Fourth Place: Left Hand Brewing Company
Fifth Place: Upslope Brewing Company

In Boulder’s craft brew scene, Avery Brewing Company is
the black sheep, the class clown and the mad scientist. The brewery
consistently offers out-there concoctions like the world-renowned
Maharaja, made with four varieties of hops, and the deep burgundy Beast
Grand Cru Ale, clocking in at 15 to 17 percent alcohol. The taproom,
which is scheduled to move to Gunbarrel in the near future, provides a
warm atmosphere for trying samples of Avery’s latest experiments, and
the brewery periodically hosts awesome beer events like the Boulder
Strong Ale Fest and the Boulder SourFest.

Wine Selection

1738 Pearl St., 303-442-6966

Second Place: Flagstaff House
Third Place: The Kitchen
Fourth Place: Boulder Cork
Fifth Place: The Mediterranean Restaurant

Great meals deserve to be paired with great wines, and that is the essence of Frasca Food and Wine. At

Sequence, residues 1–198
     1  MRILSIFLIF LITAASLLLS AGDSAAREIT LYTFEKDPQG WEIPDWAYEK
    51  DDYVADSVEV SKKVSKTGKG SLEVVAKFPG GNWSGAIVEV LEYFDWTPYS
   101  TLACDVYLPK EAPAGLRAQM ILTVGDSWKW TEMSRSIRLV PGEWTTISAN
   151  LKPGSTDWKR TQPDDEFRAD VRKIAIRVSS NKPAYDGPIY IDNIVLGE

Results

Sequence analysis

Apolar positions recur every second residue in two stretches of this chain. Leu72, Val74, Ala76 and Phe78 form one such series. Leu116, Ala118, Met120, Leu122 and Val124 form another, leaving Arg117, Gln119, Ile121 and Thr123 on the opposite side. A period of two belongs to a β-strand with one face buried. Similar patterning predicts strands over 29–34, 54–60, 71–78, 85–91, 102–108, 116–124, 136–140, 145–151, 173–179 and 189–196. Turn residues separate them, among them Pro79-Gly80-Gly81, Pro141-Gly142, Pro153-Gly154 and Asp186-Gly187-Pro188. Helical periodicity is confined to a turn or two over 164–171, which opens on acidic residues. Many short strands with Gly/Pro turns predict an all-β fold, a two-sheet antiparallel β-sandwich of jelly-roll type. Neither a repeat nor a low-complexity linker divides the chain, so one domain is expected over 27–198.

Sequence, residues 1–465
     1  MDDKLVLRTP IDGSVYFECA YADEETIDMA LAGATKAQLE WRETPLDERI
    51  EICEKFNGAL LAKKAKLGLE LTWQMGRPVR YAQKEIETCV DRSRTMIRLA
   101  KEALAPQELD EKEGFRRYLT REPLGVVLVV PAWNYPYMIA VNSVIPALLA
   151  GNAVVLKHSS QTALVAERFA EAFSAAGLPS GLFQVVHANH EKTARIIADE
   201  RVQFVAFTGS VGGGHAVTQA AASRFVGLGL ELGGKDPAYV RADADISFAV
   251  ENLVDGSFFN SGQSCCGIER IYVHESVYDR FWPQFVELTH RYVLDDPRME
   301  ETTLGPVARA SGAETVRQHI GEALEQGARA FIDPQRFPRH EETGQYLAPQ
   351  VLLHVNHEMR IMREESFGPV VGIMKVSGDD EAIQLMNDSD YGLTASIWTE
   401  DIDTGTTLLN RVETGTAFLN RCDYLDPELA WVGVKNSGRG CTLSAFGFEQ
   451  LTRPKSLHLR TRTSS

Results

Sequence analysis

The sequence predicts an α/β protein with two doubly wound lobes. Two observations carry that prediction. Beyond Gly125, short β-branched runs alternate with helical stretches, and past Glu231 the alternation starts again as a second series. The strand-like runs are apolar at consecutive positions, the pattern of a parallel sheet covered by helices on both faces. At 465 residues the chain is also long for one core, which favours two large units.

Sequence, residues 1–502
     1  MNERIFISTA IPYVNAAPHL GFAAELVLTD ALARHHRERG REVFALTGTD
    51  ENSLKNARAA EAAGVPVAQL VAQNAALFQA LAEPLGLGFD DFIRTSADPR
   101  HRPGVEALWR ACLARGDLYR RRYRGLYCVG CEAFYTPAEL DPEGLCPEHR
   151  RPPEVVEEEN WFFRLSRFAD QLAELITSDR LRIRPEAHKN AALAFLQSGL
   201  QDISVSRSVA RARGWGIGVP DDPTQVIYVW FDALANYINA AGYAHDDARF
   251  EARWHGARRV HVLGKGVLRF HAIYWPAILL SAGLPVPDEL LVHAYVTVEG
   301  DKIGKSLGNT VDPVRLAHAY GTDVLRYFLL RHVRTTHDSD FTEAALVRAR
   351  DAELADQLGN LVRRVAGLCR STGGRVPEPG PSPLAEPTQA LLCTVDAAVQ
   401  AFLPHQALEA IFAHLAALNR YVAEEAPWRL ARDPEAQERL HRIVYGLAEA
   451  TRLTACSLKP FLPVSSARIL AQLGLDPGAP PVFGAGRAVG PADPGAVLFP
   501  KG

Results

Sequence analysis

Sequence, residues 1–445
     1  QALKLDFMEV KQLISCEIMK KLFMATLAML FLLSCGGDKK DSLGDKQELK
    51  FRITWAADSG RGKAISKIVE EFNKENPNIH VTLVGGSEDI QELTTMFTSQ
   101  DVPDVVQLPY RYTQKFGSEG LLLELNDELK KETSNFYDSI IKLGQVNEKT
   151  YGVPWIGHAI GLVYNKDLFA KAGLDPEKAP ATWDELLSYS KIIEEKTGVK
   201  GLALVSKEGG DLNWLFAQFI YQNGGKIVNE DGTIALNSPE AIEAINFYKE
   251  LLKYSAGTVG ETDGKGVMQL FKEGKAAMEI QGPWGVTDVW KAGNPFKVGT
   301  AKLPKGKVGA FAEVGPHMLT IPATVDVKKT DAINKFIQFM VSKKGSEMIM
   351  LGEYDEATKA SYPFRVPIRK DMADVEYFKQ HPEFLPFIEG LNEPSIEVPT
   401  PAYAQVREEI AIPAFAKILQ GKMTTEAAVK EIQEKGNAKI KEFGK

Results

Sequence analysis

this world-class restaurant, Owner and Chef Lachlan Mackinnon-Patterson
works his magic over 200 varieties of wine chosen from some of the
world’s most acclaimed vineyards, as well as amazing bottles from
lesser-known regions and winemakers. The wait-staff at Frasca is
extremely knowledgeable and can answer almost any wine question, but
just in case they can’t, Frasca’s own sommelier, Bobby Stuckey, is
nearly always walking the dining area to answer any questions and, as
the restaurant’s website says, “offering unpretentious guidance and
thoughtful recommendations.” If you truly love wine, you will love

STAFF PICK: Underappreciated Bar


you need to get off the beaten Pearl Street Mall path and hit a
basement bar like the one under the historic Boulderado hotel. Catacombs is
a Boulder original, a classic, funky establishment that has pool tables